TALES FROM THE TRAIL
With the run of gorgeous weather we’ve enjoyed lately, consider taking a few hours to stroll around the Winter Equestrian Festival showgrounds. Even if you’re only window (or stable?) shopping, you’re bound to enjoy your saunter.
There are always classes of some sort in progress: hunters, jumpers, a little of each. It’s often more pleasant to watch a couple of rounds than to watch try after try, which can get repetitive. Observing a couple of rounds here and a few there adds variety.
Just as interesting is standing near the warm-up rings and watching the riders and horses school and prepare. You can watch from close range and spot their strategies and techniques.
A few animal rescues have booths. Danny & Ron’s Rescue often has some irresistible dogs who would just love to go home with you, and the friendly volunteers are more than happy to tell you each dog’s strong points. If you’re feeling a bit out of alignment or sore, you can also drop in at Gloria Moore Massage for a feel-good experience. Appointments are accepted, and walk-ins are welcome.
Just For Fun offers blinged-out brow bands, spurs, and tons of dog collars and leashes — perhaps for the lucky mutt you just adopted? Other shops offer shoes and sandals, handbags, socks, hats, scarves, sunglasses, jewelry, antiques, artwork, photographs, sculptures, more pet items, housewares, and clothes of every style and persuasion, both for down here and to take back north with you to the cooler climes.
Thinking of heading off to Africa? Safari Royale can create a tailor-made safari for you and your friends. Their choices include equestrian safaris, luxury rail travel, family safaris, romantic safaris, classic tented safaris, private beaches and treehouses.
You can schedule a photo session for yourself, your horse, your dog or any combination of whatever you’d like with David Erdek Photography. They can work on site at WEF or come to your house or farm. Another on-site photographer, Anne Gittins, is also available.
And, of course, there are horse items. Lots and lots of horse items. Anything having to do with horses, or barns, or riding, or showing — if you can use it in conjunction with a horse, you can find someone selling it here. Shop after shop of gorgeous saddles and leather goods; rack after rack of breeches, shirts, helmets and boots.
Some are not for the faint of wallet. Hermes saddles range from $6,750 up to $8,500. They do, of course, offer other items, including ties, scarves, gloves, bracelets, bridles, saddle pads and rolling tack trunks: “everything for the horse, stable and rider,” as a helpful salesman said. Right next door, Ariat has a full line of clothing, boots and vests with the most adorable hound or fox fabrics.
Bruno Delgrange is in the same spot, near the warm-up ring for the International Arena, and they have both new and used saddles for relatively reasonable rates. Right across from them, Animno has a store filled with their line of breeches, show shirts, jackets, boots, saddle pads, polo shirts and jeans.
Voltaire saddles, made in France, are very light and flexible. CWD Saddles also has a nice variety, new and used, which, as the salesman pointed out, are already broken in and so are more comfortable. Beval Saddlery offers a comfortable store stocked with a nice selection of equipment and clothing, barn supplies and horse treats, and yet more reasonably priced saddles. Other well-known companies have trailers filled with all sorts of neat stuff: Antares Saddles, Hadfield’s Saddlery, Tack-N-Rider and Running Fox Fine English Tack & Apparel.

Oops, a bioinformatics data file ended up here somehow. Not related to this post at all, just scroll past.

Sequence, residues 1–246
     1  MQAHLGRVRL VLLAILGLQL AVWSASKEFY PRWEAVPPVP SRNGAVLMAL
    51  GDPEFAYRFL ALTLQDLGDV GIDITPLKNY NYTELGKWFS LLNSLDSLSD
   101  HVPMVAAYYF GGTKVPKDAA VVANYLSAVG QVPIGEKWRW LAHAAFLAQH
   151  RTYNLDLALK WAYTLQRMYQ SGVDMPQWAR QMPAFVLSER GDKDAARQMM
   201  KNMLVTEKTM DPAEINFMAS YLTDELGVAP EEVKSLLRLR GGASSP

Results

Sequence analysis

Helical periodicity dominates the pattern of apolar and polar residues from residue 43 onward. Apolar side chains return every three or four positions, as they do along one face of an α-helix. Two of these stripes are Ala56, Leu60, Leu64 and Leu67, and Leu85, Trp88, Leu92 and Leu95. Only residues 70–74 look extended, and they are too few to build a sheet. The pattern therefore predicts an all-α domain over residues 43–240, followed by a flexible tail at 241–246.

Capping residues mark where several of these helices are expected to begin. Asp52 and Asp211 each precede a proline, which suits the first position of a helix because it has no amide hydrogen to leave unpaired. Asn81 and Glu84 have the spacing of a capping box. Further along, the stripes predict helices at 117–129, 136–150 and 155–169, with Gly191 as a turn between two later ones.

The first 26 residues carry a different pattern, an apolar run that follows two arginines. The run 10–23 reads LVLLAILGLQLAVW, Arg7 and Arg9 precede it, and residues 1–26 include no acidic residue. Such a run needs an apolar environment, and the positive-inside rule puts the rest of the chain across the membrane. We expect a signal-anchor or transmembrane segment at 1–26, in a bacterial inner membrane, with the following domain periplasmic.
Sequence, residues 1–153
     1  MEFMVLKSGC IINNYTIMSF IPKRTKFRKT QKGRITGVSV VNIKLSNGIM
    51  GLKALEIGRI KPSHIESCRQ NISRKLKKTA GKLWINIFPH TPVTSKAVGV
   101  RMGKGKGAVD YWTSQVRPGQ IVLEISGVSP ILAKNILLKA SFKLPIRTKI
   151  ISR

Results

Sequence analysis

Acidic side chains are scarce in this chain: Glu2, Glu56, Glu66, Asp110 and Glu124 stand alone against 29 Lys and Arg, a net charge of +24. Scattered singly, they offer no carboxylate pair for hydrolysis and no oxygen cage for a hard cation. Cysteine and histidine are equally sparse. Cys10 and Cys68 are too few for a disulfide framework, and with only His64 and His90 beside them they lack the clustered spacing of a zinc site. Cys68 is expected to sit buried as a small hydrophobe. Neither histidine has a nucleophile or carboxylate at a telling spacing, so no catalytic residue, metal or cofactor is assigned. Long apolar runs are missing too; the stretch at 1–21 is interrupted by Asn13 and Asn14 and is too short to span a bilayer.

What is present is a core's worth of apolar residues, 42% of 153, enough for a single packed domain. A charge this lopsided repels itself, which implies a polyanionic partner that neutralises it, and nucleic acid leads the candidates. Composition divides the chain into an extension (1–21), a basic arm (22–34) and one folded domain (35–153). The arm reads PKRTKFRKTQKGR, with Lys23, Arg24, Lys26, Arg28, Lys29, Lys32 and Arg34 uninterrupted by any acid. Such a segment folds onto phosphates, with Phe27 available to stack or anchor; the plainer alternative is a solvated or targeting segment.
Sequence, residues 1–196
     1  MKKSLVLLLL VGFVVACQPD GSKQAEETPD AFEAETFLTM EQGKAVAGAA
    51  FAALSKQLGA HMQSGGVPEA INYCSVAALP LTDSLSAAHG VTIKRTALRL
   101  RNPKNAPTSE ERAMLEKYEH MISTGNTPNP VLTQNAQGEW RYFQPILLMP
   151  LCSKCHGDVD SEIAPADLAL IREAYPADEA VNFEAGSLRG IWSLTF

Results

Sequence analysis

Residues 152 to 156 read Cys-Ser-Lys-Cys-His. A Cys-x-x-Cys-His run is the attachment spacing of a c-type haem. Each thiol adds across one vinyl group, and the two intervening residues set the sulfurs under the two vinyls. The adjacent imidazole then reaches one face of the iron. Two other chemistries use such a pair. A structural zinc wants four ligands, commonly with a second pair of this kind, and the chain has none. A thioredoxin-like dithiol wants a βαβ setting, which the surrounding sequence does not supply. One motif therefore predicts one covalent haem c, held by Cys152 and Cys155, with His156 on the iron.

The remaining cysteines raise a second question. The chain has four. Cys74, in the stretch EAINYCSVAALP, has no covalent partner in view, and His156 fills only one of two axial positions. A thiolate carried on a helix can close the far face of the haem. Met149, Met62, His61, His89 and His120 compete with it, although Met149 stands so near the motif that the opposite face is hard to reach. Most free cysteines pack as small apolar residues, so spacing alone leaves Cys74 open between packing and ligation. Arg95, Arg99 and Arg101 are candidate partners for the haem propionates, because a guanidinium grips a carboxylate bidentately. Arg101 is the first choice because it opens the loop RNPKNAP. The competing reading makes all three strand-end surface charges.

The DeNiro Boot Company, maker of world-class boots, has a nice display. The leather is treated to be water-resistant and anti-cracking, so it stays dry and breathable. There are many finished boots to examine, handmade in Italy, as well as swatches of available leathers in all sorts of colors and finishes, and tons of customizing options. In addition to jumper, polo and dressage boots, they also make short boots with matching mini-chaps, western boots and sneakers.
Sharon Lynn Campbell’s booth showcases her oil paintings and ceramics, all dog-themed or horse-themed. Cover artist for many show lists and magazines, she is available to visit your farm, photograph you and/or your animal, then create a custom oil painting to your specifications. “I usually work on seven to 10 portraits at a time,” she said. “They take a while to dry because of the humidity here in South Florida. A finished portrait usually takes 10 to 12 months.”
If you’re just browsing for common, everyday stable essentials, definitely pay a visit to Equine Tack and Nutritionals, at the very back, near the permanent barns. The double-wide trailer is crammed with everything, and at very reasonable prices. They have vitamins and supplements, saddle pads, fly spray, fly masks, bits, bridles, brushes helmets, horse treats, hoof dressing, hoof picks, buckets, blankets, twitches, pitchforks, leg wraps and whatever else you can think of.
“I’ve been here two months, and I’m still learning all of the products,” saleswoman Mindy Verzillo said. “We carry more than 50,000 items. We’re pretty busy all day long.”
So yes, by all means, spend an hour or two browsing, and perhaps buying, stuff you need or simply want. You may spot an item you’ll not find elsewhere. And even if you don’t, there’s nothing quite as enjoyable as wandering around with like-minded people out in the sunshine, dodging golf carts and horses, getting away from the problems of everyday life. Learn more at www.pbiec.com.